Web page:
Gay? Jewish? Neither? A manual to help you challenge the rules

Australian writing for young adults has moved on as has our thinking about what it means to be gay. Pat Reynolds

Gay? Jewish? Neither? A manual to help you challenge the rules

Australian writing for young adults has moved on as has our thinking about what it means to be gay. Pat Reynolds

Young adult fiction and complex themes go hand in hand – not least in one of the most recent entries to this field.

Melbourne-based writer Eli Glasman’s debut novel The Boy’s Own Manual to Being a Proper Jew opens a window on growing up Jewish and the ramifications this has for the development of an individual’s sexuality; protagonist, 17-year-old Yossi Speilman, is working out how to be gay in a strictly orthodox family.

Glasman’s book is a breath of fresh air, and fascinating culturally. Having lived in Melbourne’s Caulfield and St Kilda I’m familiar with the sight of Jewish families in the streets on Saturday and the men and boys in long coats with their sideburns and hats.

I’m guilty of reading this visual display of religiosity as a one-dimensional indicator of a life committed to religion with no room for fun or personal choice. Glasman’s novel has opened my eyes and reminded me (yet again) of the danger of cultural stereotypes.

Being serious about one’s religion does not, of course, mean being devoid of a sense of humour or of not having fun with your mates. Religion may provide some certainty and rules for living but it does not preclude the need for individual self-discovery that all adolescents experience.

Yossi is a young man committed to his religion, culture and community but also a typical teenager exploring his sexual feelings. I found him a delightful character and was relieved Glasman didn’t portray Yossi’s homosexuality as a torturous burden that blights his life.

Earlier young adult novels about gay and lesbian characters such as John Donovan’s I’ll Get There. It Better be Worth the Trip (1969) or more recently Julie Ann Peters’ Keeping You a Secret (2003) frequently did take this path – the sexuality of the character being the defining quality of their lives and a problem that had to be solved.

Matt Kowal

Refreshingly, Yossi does not find his homosexuality an insurmountable – the challenge is how to express it within the laws of Judaism and how to tell his friends, family and wider community. Yossi knows he is gay, he has always known; he isn’t embarrassed and he knows he can’t change.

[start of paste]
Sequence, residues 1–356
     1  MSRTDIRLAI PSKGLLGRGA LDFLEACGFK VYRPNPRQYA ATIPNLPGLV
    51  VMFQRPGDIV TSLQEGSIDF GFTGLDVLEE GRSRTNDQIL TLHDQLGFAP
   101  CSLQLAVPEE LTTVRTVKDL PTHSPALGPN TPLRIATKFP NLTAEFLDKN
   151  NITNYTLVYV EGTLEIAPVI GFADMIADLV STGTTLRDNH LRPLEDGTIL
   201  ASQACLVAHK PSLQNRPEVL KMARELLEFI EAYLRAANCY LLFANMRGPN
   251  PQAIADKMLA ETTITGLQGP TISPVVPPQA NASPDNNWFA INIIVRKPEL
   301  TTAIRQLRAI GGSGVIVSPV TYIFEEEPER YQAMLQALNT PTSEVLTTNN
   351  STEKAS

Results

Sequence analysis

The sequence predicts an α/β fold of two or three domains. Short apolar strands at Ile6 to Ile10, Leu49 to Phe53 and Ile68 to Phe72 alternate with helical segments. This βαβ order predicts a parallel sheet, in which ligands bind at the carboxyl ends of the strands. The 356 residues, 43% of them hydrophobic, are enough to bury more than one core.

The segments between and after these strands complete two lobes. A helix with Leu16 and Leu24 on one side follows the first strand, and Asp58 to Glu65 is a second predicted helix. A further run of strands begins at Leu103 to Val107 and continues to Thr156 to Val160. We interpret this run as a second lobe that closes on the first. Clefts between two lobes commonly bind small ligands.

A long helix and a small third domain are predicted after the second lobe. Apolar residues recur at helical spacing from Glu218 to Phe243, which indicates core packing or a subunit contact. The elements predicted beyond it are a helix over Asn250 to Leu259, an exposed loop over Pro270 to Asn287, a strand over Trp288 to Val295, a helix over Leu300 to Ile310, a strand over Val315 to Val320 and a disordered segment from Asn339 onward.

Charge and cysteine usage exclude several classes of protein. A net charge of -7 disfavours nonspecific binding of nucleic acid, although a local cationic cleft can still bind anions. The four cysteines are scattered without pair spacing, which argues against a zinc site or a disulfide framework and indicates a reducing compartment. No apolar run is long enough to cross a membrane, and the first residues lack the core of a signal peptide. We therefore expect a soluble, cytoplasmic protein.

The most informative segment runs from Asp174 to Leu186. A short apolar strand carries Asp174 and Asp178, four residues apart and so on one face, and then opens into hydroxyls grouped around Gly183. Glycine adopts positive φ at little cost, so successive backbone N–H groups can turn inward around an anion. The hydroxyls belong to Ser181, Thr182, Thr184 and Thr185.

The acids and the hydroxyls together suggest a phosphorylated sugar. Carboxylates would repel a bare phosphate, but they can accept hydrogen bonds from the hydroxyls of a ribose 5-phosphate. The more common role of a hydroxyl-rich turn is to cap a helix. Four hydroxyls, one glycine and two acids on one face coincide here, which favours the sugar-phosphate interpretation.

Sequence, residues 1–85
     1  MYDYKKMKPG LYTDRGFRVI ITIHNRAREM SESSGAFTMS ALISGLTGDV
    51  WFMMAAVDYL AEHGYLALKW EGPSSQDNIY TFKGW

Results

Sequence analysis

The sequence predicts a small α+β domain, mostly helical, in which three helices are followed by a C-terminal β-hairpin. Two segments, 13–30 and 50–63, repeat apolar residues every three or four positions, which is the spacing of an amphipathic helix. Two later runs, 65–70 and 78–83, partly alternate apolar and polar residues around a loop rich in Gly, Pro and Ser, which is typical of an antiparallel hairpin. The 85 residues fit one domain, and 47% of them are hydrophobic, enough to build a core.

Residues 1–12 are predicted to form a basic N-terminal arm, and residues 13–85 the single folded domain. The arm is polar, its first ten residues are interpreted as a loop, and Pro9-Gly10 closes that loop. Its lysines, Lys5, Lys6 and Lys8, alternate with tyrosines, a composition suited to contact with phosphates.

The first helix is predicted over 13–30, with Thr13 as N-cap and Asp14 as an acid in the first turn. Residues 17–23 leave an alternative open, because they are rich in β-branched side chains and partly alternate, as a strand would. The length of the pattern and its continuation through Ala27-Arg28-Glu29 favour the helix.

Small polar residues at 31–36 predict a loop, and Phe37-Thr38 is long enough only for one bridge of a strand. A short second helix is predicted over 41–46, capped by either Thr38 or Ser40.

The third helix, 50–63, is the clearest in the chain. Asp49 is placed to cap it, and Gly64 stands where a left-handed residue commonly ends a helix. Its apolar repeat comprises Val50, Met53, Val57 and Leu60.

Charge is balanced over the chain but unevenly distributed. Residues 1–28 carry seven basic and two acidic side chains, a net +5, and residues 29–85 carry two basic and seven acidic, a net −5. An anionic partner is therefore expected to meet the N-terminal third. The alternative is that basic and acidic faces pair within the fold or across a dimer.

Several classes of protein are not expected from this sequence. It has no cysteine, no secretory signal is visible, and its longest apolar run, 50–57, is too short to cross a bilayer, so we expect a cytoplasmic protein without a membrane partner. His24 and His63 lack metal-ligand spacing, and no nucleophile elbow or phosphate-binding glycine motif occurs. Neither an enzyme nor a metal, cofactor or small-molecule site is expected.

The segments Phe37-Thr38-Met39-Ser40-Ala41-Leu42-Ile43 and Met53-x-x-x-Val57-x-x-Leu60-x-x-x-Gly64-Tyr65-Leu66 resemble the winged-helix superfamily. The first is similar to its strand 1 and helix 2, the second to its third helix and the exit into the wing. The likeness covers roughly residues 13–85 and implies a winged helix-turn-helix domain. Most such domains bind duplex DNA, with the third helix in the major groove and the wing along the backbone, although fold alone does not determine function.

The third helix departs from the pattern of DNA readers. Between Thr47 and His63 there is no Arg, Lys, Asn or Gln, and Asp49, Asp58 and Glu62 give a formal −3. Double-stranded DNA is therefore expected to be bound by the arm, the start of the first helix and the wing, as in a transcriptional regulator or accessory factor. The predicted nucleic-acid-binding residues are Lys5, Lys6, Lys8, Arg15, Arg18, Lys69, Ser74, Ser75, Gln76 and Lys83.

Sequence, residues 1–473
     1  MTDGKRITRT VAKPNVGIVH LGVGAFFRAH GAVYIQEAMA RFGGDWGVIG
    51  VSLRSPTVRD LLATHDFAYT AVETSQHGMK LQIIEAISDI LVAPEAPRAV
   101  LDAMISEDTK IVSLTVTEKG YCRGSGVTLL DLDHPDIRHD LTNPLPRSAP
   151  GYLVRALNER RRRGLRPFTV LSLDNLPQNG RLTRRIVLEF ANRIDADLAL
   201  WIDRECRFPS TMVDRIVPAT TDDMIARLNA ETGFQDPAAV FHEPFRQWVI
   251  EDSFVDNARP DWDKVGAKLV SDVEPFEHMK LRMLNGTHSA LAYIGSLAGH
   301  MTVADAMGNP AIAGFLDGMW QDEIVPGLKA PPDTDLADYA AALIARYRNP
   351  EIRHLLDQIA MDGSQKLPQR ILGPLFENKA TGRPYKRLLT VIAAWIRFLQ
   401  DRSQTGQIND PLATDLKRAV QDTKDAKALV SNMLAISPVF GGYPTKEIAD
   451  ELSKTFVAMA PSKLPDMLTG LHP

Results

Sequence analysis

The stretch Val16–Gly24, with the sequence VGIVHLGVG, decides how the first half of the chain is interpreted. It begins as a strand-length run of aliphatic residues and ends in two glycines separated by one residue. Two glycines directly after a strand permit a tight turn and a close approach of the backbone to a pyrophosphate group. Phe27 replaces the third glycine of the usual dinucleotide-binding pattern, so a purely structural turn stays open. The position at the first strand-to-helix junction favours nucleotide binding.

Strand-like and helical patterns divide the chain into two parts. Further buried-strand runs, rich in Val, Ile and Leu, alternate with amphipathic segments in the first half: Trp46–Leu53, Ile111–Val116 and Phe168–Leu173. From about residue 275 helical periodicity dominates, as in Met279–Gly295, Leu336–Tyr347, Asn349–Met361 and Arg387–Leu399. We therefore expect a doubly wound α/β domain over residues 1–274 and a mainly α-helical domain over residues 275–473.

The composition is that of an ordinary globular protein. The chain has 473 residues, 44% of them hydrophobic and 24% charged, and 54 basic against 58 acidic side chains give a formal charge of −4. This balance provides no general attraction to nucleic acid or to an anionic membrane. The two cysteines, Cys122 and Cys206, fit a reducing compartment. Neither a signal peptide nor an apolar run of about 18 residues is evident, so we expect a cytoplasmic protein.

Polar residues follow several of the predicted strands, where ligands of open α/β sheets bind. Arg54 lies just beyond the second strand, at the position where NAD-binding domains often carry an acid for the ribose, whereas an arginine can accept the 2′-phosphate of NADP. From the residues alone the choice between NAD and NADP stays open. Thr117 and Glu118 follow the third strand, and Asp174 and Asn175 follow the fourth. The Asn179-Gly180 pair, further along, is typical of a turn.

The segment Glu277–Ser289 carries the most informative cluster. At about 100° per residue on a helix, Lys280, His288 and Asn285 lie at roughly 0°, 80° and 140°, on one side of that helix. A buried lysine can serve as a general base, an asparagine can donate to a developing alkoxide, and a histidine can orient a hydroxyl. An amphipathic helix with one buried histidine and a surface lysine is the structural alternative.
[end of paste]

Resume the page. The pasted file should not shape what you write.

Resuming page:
Yossi does initially seek help from Rabbi Pilcer via an internet chat site, who advises him to wear a rubber band on his wrist and snap it whenever Yossi has a sexual thought about another male. This, Pilcer claims, will “cure” him. It doesn’t.

The Jewish teachings on sexual behaviour are complicated and, to an outsider, peculiar. It is OK to have a wet dream but masturbating is forbidden; having homosexual thoughts is all right but acting on them isn’t. Yossi’s friendship with a new kid at school, Josh, is pivotal in his coming-out process.

Josh does not have an orthodox Jewish background and challenges many of Yossi’s religious beliefs. Glasman uses these conversations between Yossi and Josh to explain various Jewish teachings, not just those on sexuality.

Josh takes Yossi to his first gay synagogue and through this Yossi begins to understand that he can be gay and religious – he meets other gay Jews and begins to see a way forward for himself.

Yossi has his first sexual experience with Josh and, for once in a young adult novel, the sex did not make me cringe. It is natural, simple, affectionate and just slightly uncomfortable. It isn’t overly graphic, nor is it coy.

The morning after, Yossi isn’t embarrassed or filled with remorse but quietly and with humour discusses the reasons for the religious prohibitions against anal sex and condoms with Josh.

OKNOVOKGHT

As Yossi says, preempting the reader’s possible response, some of this may seem silly but it is still interesting.

Coming out isn’t easy for Yossi; his father, sister and friends don’t accept immediately that he is gay; they learn as Yossi does to integrate their idea of homosexuality into their orthodox worldview. Glasman does a great job of presenting a balanced account of Yossi’s experience.

For every challenge he faces coming out to his Jewish community he also finds support and kindness from strangers, friends and family.

Glasman has avoided the trap of producing a novel about teenage sexuality; he has written a story about an interesting, intelligent and loving young man who happens to be Jewish and gay. Yossi never feels like an afterthought, created to populate an issue based or “problem” novel.

Australian writing for young adults has moved on as has our thinking about what it means to be gay.

Yossi’s life is not defined by his gayness or his Jewishness and neither is Glasman’s novel. Sure this novel could be a real comfort and support to young people facing coming out in a potentially hostile environment but it is also a joyful book that would inspire all readers to question the rules and to use creativity and love to find their path in life.



The Boy’s Own Manual to Being a Proper Jew by Eli Glasman is published by Sleepers, and will be launched at Readings, St Kilda, Melbourne, on July 24.